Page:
The following are selected remarks by Ali Hassan al-Majid, Secretary General of the Ba'ath Party's Northern Bureau, from a number of meetings with senior Ba'ath officials in 1988 and 1989. Audiotapes of more than a dozen of these meetings were recovered from Iraqi government offices and from al-Majid's home in Kirkuk during the failed Kurdish uprising in March 1991.
1. Meeting with members of the Northern Bureau and governors of the Autonomous Region of Iraqi Kurdistan, April 15, 1988.
By next summer there will be no more villages remaining spread out here and there, but only complexes. It'll be just like the hen when she puts the chicks under her wing. We'll put the people in the complexes and keep an eye on them. We'll no longer let them live in the villages where the saboteurs can go and visit them. Emigration from the villages to the city is necessary in the north of Iraq.
From now on I won't give the villagers flour, sugar, kerosene, water or electricity as long as they continue living there. Let them come closer to me to hear me, so that I can tell them the things I believe and want in ideology, education and common sense. Why should I let them live there like donkeys who don't know anything? For the wheat? I don't want their wheat. We've been importing wheat for the last twenty years. Let's increase it for another five years.
I will prohibit large areas; I will prohibit any presence in them. What if we prohibit the whole basin from Qara Dagh to Kifri to Diyala to Darbandikhan to Suleimaniyeh? What good is this basin? What did we ever get from them? Imagine how much we paid out and lost on those areas. How many good citizens are there among those people, and how many bad ones?
What went wrong? What happened? Thirty, twenty, twenty-five years of saboteur activity. Imagine how many martyrs we have!.... Now you can't go from Kirkuk to Erbil any more without an armored vehicle. All of this basin, from Koysinjaq to here [Kirkuk]...I'm going to evacuateit. I will evacuate it as far as Gweir and Mosul. No human beings except on the main roads. For five years I won't allow any human existence there. I don't want their agriculture. I don't want tomatoes; I don't want okra and cucumbers. If we don't act in this way the saboteurs' activities will never end, not for a million years. These are all just notes, but with the help of God we will apply them very soon, not more than a month from now. In the summer nothing will be left.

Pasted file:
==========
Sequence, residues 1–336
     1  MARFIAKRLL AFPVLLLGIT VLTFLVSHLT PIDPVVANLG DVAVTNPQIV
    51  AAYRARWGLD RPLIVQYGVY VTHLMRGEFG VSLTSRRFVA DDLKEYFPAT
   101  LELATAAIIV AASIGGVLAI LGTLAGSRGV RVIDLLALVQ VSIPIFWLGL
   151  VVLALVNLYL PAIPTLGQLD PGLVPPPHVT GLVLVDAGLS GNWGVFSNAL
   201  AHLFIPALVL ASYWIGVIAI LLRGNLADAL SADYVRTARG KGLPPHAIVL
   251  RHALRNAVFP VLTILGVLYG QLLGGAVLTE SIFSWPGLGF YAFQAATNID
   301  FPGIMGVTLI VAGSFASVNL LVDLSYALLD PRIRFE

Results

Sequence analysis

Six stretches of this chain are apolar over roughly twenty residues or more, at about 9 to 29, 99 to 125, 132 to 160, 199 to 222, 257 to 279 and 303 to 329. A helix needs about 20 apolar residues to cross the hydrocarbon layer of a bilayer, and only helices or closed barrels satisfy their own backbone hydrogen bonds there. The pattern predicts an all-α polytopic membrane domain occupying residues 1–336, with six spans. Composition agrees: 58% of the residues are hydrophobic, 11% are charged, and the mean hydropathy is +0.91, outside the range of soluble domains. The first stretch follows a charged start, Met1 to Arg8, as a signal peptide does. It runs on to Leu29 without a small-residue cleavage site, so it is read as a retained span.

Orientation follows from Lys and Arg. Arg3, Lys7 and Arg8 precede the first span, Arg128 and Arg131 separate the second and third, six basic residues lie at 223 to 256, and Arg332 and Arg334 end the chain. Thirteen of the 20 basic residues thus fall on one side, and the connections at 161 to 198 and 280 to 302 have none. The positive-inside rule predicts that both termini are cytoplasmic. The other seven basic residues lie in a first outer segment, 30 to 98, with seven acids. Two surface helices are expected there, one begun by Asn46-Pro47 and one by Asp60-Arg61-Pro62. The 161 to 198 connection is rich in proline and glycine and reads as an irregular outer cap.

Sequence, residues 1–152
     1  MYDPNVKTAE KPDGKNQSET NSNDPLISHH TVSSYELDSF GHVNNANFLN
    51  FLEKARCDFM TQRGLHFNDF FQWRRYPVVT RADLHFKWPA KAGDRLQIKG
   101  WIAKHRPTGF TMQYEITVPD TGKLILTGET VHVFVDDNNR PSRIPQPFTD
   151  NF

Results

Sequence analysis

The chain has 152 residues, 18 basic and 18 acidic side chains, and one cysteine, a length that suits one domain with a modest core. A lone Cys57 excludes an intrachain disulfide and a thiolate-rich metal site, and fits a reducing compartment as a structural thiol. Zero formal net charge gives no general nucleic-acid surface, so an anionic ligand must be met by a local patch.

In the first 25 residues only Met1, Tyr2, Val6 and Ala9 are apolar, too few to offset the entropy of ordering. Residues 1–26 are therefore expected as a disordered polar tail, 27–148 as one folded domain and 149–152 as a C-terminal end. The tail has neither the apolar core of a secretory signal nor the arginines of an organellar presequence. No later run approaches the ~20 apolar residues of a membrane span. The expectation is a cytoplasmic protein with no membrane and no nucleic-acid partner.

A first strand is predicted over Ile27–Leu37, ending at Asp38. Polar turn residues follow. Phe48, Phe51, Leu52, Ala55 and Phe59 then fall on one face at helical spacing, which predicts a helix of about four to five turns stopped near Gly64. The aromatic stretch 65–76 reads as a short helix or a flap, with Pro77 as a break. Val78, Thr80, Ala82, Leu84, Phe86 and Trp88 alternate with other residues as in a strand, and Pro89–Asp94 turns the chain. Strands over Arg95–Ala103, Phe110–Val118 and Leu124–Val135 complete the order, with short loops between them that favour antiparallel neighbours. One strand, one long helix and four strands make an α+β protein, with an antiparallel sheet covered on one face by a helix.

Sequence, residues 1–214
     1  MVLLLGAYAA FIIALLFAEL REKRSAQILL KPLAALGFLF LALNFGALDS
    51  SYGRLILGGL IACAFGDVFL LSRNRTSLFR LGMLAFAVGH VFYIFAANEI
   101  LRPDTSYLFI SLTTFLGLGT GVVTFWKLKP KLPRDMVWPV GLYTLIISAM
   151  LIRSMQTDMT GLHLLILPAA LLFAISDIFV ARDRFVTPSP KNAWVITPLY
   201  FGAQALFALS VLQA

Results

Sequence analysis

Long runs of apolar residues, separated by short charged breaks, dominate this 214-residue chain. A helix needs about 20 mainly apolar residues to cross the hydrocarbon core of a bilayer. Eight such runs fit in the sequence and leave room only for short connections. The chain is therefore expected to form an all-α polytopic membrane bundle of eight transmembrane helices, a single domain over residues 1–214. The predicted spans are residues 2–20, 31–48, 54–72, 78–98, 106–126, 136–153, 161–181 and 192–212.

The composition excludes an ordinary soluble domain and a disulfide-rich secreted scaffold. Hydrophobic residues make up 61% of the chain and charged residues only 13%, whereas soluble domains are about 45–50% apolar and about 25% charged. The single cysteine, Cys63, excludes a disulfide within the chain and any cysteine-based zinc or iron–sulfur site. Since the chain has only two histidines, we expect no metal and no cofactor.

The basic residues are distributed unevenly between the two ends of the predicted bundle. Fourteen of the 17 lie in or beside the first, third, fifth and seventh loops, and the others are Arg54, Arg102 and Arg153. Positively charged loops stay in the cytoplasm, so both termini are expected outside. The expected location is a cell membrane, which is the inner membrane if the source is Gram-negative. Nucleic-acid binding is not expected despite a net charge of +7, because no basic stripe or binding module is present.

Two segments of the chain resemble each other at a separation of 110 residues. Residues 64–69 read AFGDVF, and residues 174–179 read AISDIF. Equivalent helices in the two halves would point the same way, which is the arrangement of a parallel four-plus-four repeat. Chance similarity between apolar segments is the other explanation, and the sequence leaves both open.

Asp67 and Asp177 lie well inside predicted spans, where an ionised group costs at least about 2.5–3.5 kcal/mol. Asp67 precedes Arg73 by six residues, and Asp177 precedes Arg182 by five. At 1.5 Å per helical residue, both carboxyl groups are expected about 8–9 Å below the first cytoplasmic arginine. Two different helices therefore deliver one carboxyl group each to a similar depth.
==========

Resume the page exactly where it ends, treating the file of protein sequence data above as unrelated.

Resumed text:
2. Meeting with Northern Bureau members and directors of the Ba'ath Party headquarters in the northern governorates: tape is dated May 26, 1988, but from context appears to be 1987.
(Response to a question about the success of the deportation campaign):
As a matter of fact what we have achieved is something that the party and the leadership never managed to do until 1987. Some of it was just the help and mercy of God. Nothing else. Otherwise if you just go and conduct military exercises for the troops who were used in the campaign you will have more casualties than we had. Imagine in such an exercise how many martyrs and casualties there will be!....
What happened? Are these the saboteurs? Are these the people you were afraid of? This is the reality of the saboteurs, and you have all these facilities and this capacity. They could not confront you. In the past they were confronting a division with just a few machine guns. This time they were just shelling us from far away with light artillery.
Some of you who were working here at the time when I arrived, so motivated with this duty, perhaps you said in your hearts, "OK, wait a minute! Wait a minute! The people who were here before you said the same things and then didn't do anything!" You will be forced to take action. All those years and the saboteurs still existed. At a time when we had this huge military! I swear to God it was not done in that way. All the Iraqi troops couldn't have done what we did. But this [deportation] hurt them. It kills them.
(voice identified as Abu Muhammad: Only God can do more than you. Otherwise you can do anything. This Ba'ath Party can do anything.)
The saboteurs watch the orders and directives. The orders are not that strong. The previous ones were a hundred times stronger. But they were not combined with a belief on the part of those executing them. Now that exists. We said that at that date we will start to implement the deportation campaign. And we did it everywhere, with the help of God. The same day [in 1987] they captured Qara Dagh in retaliation.
Jalal Talabani asked me to open a special channel of communication with him. That evening I went to Suleimaniyeh and hit them with the special ammunition.1 That was my answer. We continued the deportations. I told the mustashars that they might say that they like their villages and that they won't leave. I said I cannot let your village stay because I will attack it with chemical weapons. Then you and your family will die. You must leave right now. Because I cannot tell you the same day that I am going to attack with chemical weapons. I will kill them all with chemical weapons! Who is going to say anything? The international community? Fuck them! The international community and those who listen to them.